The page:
Rachel Kramer Bussel's Reviews > The Husband Habit

The Husband Habit by Alisa Valdes-Rodriguez
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's review
Jul 09, 09

it was amazing
Read in July, 2009

** spoiler alert ** Spoiler alert – don’t keep reading if you don’t want a hint of what happens in the book. Vanessa is a masterful chef, save for the fact that her boss, Hawk, steals her ideas and takes credit for them. But while she’s on top of her recipes, her love life is a mess; every time she meets a guy, whether a fellow chef or an internet dater, he winds up married, and she winds up brokenhearted. Until she vows to go on a dating hiatus, and meets Paul, her parents’ new next door neighbor.

This is not necessarily a chica lit book, or even a chick lit book. It’s more a straight-up romance, in the best possible sense. Once we meet Paul, we know that he and Vanessa are destined to be together. But watching them spar, seeing how much charm, as well as depth, intelligence, and sadness he has, makes this book work. The final storyline I found a little bit unrealistic, given the rest of the plot, but still moving.

This is a love story, one that tackles sisterly rivalry, the Iraq war, stereotypes, bad parenting, and sexist bosses. The political angle doesn’t hit you over the head, but it’s definitely there, and for a book that’s probably classified as “women’s fiction,” Valdes-Rodriguez, in many ways, has made Paul, the former Air Force interrogator, the most compelling character here. His motivations for joining the Force and his disillusionment with the military come across as totally realistic, not to mention disturbing in their implications. They are used to further the story, but they certainly linger after the last page is turned.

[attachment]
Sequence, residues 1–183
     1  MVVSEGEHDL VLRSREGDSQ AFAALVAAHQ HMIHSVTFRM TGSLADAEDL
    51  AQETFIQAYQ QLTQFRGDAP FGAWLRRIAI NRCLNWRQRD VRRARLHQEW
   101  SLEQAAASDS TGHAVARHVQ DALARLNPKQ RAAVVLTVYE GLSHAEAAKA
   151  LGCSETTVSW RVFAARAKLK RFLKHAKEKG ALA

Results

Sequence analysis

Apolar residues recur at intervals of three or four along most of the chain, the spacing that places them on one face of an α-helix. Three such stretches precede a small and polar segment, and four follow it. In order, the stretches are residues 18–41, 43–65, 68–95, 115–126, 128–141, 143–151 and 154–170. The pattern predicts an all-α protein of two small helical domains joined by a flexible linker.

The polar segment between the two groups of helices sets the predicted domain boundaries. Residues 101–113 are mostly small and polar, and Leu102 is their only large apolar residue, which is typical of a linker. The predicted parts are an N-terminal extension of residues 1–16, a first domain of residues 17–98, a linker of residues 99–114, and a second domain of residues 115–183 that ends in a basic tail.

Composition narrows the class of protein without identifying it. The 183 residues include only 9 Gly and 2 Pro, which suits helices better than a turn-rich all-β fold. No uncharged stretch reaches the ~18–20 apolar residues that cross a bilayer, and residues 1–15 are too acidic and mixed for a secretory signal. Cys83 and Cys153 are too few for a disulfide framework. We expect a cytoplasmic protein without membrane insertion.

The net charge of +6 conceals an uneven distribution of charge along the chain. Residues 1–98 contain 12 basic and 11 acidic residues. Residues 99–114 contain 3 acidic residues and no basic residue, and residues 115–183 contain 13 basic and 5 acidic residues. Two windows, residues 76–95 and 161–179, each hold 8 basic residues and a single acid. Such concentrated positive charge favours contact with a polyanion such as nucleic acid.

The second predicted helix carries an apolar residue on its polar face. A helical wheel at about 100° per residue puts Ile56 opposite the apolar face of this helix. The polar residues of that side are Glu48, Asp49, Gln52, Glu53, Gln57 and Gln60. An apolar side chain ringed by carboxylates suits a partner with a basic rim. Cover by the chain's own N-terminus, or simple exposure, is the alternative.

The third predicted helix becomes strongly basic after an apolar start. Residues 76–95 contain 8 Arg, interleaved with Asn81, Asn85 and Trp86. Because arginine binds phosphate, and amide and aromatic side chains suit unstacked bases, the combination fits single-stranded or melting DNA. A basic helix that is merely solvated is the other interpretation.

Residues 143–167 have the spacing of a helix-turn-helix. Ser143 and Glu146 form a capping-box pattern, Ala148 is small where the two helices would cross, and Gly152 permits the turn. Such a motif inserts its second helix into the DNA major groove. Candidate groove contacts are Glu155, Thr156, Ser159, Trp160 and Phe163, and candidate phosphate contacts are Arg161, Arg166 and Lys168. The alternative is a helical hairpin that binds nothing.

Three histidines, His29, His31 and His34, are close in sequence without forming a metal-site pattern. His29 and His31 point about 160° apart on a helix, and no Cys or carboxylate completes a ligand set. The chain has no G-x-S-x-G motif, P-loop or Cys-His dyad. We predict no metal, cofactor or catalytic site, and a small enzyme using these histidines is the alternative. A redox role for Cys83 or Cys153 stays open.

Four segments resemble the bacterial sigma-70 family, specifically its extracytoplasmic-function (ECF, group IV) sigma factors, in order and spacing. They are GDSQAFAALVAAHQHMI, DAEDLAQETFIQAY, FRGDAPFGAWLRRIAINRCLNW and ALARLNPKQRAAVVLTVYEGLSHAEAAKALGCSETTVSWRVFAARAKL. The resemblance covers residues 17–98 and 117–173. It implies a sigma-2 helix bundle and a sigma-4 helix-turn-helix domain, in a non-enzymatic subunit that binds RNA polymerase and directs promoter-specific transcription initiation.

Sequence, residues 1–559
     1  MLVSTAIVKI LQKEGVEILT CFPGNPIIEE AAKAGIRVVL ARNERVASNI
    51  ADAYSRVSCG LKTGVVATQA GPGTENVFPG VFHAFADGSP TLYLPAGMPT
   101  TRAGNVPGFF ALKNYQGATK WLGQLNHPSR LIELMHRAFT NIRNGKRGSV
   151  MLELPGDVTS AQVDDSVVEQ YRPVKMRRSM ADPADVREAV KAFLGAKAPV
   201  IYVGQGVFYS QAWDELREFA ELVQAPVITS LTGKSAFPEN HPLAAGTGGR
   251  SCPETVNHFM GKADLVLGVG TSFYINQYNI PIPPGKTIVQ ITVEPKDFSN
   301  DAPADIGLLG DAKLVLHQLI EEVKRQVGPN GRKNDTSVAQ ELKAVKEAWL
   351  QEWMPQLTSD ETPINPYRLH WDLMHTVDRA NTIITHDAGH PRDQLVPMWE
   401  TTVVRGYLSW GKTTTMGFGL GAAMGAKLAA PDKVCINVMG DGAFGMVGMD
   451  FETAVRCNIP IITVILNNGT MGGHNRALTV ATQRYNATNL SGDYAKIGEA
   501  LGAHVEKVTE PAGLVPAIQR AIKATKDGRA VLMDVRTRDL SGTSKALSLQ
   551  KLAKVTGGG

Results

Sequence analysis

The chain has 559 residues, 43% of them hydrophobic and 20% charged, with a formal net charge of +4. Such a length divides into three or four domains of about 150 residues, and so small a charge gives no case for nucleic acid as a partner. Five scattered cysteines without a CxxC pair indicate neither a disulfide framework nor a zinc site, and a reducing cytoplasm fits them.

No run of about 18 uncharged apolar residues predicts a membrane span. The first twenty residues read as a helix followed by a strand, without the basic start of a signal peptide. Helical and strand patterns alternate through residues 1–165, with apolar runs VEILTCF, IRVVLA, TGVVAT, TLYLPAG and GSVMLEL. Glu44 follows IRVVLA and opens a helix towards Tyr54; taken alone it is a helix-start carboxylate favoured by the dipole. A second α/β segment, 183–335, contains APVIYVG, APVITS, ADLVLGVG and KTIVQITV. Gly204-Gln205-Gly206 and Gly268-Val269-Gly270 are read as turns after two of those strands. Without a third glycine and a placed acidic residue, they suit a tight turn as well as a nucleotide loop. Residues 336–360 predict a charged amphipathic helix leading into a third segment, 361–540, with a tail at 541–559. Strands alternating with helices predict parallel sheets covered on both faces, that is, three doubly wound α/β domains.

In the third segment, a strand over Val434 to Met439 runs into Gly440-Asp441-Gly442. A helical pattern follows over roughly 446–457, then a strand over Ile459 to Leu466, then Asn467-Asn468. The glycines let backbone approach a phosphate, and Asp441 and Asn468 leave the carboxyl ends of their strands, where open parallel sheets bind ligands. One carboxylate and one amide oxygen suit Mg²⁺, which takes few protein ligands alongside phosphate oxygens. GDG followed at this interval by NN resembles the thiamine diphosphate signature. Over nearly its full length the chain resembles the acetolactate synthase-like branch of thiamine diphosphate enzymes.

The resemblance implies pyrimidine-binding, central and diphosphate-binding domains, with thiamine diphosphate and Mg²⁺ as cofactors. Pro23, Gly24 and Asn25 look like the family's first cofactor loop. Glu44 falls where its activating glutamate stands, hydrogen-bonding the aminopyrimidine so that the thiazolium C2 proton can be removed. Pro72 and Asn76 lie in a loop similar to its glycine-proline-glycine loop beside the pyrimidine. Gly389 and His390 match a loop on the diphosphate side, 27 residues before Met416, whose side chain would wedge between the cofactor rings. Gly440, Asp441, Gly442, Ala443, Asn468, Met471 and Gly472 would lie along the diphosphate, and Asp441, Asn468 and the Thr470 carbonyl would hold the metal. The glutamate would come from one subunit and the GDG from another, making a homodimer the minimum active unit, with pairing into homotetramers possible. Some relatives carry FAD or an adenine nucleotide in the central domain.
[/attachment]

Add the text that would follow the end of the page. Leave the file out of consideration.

I’d have liked to read a little bit more about Vanessa’s history with married men, about her dreams for her dating life; in some ways, as cryptic and secretive as he is, I think we almost get to know Paul better, or perhaps it’s that Vanessa’s life is, in many ways, very simple, focused on food, family, her home, her job and her love life. The most moving scene in my opinion happens in the air, via music, which Paul uses to express himself, where Vanessa, ever the chef, uses food. These characters come to life, even the minor ones, such as Paul’s mom, and even though you may see the ending (or most of it, anyway) coming, you don’t mind because Paul is such an insightful man, who manages to see into Vanessa even when she fails to comprehend what makes him tick. A perfect beach read.

Also, I see this book is classified as a bestseller on Amazon’s “Single Women” list, but Vanessa is more than just some woman looking for a husband over her own. She is cautious, wary of men, and rightfully so; in some ways, this makes her harder to get to know. But this isn’t just a book for or about “single women,” and even the “husband habit” angle, I chalk up more to bad luck than a true “habit.” This is a book women, single or not, can and will enjoy (and, dare I say, men as well).
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